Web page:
Creating a representative Lake Erie time series of remote sensing-based water quality data sets
Remote sensing provides a method to accurately assess water quality for current and historical conditions in large lakes such as Lake Erie. Satellite sensors such as SeaWiFS and MODIS collect data that span large geographic areas and have been in operation for more than a decade, with some satellite programs that have existed since the 1970s. This remote sensing "time machine" allows scientist to analyze a time series of data and determine how water quality conditions have changed, particularly in light of a changing climate. Augmentation of remotely sensed data with sound in-situ measurements allows scientists to gain a deeper understanding of changes in the Great Lakes. This presentation reviews a recent collaborative study between the Michigan Tech Research Institute and the NASA Glenn Research Center that detailed satellitederived products to assess changes in Lake Erie water quality, described ancillary observations to support the time series analysis, and derived the representative set of products to characterize Lake Erie's water quality and characteristics. Remote sensing analysis outputs included retrieving color-producing agent (CPA) products (chlorophyll, suspended minerals, and dissolved organic carbon concentrations), sediment plume extents, optical water parameters, and harmful algal bloom extents.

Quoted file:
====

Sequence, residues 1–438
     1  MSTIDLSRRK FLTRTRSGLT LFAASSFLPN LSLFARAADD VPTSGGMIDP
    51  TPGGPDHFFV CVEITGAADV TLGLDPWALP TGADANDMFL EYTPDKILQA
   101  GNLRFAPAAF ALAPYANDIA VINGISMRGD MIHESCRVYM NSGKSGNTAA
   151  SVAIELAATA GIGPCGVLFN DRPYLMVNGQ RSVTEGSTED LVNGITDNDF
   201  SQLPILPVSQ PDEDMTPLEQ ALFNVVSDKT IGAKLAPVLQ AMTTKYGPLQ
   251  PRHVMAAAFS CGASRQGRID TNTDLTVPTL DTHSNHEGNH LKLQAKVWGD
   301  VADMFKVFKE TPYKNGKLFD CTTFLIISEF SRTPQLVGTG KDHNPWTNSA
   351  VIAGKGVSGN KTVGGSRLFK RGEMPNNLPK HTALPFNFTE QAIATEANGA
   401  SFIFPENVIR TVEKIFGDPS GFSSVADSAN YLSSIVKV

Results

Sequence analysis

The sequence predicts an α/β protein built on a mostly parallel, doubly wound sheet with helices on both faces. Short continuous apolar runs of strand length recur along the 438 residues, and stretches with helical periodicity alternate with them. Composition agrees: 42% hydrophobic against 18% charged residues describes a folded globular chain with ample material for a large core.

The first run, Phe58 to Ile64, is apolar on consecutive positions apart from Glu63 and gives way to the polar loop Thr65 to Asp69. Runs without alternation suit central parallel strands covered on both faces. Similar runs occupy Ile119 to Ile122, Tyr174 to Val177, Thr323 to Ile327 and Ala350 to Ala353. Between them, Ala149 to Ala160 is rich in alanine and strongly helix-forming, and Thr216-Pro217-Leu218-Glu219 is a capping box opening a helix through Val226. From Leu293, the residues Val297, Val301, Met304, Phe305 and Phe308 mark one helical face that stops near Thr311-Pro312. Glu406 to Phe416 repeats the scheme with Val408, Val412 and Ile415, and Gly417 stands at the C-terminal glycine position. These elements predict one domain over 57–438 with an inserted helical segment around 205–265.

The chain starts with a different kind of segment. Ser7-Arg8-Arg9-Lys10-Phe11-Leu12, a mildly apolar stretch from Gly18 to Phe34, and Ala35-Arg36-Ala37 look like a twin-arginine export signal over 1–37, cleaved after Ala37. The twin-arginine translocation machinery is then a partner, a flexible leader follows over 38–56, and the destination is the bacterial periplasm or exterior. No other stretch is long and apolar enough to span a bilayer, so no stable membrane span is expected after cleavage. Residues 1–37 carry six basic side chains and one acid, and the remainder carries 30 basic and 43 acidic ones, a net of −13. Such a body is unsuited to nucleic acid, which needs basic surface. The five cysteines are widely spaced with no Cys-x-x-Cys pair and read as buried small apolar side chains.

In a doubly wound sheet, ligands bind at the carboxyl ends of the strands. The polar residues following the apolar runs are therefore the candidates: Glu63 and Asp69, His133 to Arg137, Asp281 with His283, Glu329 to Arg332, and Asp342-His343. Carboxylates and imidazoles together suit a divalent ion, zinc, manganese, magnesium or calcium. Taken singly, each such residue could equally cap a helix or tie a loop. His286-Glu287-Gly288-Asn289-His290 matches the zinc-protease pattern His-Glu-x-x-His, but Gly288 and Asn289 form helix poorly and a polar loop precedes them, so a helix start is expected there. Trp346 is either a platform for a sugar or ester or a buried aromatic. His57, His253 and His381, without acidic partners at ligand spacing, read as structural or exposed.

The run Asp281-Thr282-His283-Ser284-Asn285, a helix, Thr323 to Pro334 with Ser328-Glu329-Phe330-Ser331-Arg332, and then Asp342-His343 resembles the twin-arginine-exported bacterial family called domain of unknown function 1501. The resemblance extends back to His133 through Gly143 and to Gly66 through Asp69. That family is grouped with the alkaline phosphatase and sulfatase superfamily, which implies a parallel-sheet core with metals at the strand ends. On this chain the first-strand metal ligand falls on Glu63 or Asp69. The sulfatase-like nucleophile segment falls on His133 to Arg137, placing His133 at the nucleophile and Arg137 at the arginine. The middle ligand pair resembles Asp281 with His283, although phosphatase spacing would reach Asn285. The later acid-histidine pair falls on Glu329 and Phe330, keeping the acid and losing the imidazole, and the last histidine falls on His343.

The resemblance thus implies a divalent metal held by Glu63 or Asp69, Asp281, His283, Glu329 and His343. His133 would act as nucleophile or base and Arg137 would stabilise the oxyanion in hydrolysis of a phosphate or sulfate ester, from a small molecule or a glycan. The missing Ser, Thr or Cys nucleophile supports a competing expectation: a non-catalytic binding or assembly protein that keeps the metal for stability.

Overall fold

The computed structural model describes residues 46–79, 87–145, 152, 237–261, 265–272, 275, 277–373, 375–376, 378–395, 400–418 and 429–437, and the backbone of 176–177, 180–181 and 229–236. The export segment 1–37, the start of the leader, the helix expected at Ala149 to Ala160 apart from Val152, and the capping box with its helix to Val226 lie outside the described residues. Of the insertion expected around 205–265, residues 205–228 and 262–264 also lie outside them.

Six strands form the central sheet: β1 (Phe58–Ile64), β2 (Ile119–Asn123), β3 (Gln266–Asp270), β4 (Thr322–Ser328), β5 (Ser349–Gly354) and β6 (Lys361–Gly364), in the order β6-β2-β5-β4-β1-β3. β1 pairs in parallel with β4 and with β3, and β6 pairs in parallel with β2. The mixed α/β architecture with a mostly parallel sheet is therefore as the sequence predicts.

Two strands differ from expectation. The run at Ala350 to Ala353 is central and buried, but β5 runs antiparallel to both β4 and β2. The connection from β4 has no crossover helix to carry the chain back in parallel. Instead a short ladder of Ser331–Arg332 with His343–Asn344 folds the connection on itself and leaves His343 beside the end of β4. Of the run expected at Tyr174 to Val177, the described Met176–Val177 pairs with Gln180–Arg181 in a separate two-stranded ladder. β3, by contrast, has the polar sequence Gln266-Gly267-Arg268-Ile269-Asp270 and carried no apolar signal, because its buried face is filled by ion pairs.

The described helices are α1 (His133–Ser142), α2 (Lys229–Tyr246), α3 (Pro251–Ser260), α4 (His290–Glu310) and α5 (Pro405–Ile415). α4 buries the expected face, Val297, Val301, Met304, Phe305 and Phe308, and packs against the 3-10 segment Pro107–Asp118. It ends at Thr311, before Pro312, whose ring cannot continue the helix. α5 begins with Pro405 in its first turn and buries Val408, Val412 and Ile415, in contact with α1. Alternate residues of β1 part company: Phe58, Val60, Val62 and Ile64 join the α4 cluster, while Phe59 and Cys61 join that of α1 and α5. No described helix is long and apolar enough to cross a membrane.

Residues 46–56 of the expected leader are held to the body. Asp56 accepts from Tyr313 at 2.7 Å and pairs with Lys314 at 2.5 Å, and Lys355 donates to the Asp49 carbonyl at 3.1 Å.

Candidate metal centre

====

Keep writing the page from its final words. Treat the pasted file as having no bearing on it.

IAGLR 56th Annual Conference on Great Lakes Research
Brooks, C. N.,
Shuchman, R. A.,
Grimm, A. G.,
Sayers, M. J.,
Raymer, Z. B.,
Jessee, N. L.,
Banach, D. M.
Creating a representative Lake Erie time series of remote sensing-based water quality data sets.
IAGLR 56th Annual Conference on Great Lakes Research,
Retrieved from: http://digitalcommons.mtu.edu/mtri_p/96